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E. Gotzinger, B. Baumann, M. Pircher, C. K. Hitzenberger; Polarization Maintaining Fiber Based Ultra-High Resolution Spectral Domain Polarization Sensitive Optical Coherence Tomography of the Human Retina. Invest. Ophthalmol. Vis. Sci. 2010;51(13):1050.
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© ARVO (1962-2015); The Authors (2016-present)
To measure the polarization properties of the foveal and nerve head region with a fiber based ultra high resolution polarization sensitive OCT (PS-OCT) system.
We present a new ultra high resolution spectral domain polarization sensitive optical coherence tomography (PS-OCT) system based on polarization maintaining (PM) fibers. The method transfers the principles of our previous bulk optic PS-OCT systems to a fiberized setup. Thereby, the main advantage of our bulk optics setups, i.e. the use of only a single input polarization state to simultaneously acquire reflectivity, retardation, optic axis orientation, and Stokes vector, is maintained.
We measured the fovea and the nerve head of healthy volunteers with our system. The polarization sensitive images of the macula show, that most of the retinal layers in this area do not alter the polarization state. However, the RPE changes the polarization state of backscattered light in a random way. This polarization scrambling indicates depolarization. The retardation images of the nerve head region show increased retardation in the superior and inferior nerve fiber bundles and decreased retardation in the nasal and temporal nerve fiber layer. The optic axis orientation image shows a 360° rotation around the nerve head, in good agreement with the radial orientation of the nerve fiber bundles around the optic nerve head.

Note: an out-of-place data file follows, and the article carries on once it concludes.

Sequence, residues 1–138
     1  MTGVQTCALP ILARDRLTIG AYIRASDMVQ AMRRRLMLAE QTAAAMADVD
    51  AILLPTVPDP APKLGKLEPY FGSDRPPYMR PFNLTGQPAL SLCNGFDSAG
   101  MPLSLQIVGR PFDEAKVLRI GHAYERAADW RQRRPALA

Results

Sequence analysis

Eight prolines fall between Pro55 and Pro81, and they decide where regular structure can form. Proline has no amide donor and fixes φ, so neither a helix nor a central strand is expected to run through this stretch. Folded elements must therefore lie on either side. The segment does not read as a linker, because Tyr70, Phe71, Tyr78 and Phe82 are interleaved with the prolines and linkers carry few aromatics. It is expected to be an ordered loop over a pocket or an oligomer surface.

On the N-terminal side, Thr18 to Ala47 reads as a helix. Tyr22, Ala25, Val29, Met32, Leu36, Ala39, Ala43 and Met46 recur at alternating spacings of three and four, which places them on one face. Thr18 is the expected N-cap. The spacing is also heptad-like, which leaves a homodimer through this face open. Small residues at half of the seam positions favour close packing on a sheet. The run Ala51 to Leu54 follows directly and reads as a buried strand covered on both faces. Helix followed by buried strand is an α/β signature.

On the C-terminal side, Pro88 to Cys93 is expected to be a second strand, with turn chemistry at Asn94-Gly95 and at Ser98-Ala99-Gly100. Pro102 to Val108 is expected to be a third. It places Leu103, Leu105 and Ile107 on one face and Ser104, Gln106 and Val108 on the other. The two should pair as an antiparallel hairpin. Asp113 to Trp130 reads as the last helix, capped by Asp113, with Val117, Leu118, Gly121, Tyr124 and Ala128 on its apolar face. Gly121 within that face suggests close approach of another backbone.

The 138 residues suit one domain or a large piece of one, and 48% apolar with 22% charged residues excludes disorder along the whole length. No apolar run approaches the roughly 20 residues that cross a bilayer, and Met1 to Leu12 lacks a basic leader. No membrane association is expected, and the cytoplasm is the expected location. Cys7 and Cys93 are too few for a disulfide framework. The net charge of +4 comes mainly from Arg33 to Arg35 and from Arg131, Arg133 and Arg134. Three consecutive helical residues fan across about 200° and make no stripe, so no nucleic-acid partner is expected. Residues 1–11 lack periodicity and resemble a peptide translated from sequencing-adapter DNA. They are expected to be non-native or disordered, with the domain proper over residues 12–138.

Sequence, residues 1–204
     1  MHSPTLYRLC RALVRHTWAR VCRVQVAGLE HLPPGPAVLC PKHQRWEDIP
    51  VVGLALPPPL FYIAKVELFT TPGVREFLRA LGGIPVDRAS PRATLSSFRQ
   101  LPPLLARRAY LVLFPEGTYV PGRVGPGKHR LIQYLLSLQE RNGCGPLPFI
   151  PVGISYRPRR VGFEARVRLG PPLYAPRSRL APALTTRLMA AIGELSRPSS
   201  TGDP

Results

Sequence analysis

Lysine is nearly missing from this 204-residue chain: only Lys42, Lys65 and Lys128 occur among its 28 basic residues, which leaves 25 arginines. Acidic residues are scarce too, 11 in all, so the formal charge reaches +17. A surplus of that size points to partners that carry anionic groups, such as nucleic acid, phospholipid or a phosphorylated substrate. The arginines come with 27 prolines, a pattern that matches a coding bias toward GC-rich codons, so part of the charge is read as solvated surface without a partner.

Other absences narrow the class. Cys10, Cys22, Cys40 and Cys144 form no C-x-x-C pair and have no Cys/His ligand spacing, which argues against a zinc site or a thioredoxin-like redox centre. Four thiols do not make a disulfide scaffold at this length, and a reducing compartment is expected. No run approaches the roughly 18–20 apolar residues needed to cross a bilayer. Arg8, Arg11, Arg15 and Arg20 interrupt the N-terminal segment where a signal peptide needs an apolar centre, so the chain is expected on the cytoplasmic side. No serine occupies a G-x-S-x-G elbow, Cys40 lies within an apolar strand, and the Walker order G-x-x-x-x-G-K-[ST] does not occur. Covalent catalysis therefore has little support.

The flexibility and simple alignment of fiber optics based systems is an important step towards the development of commercial PS-OCT systems. In addition the use of a broadband light source with a bandwidth of 110 nm results in a smaller speckle size. This increases the density of independent sampling points, leading to improved resolution of PS measurements, which is especially important for measurements of the thinner part of the retinal nerve fiber layer. In addition, the smaller speckle size allows a better resolution of depolarization measurements, leading to improved spatial resolution of RPE segmentation.
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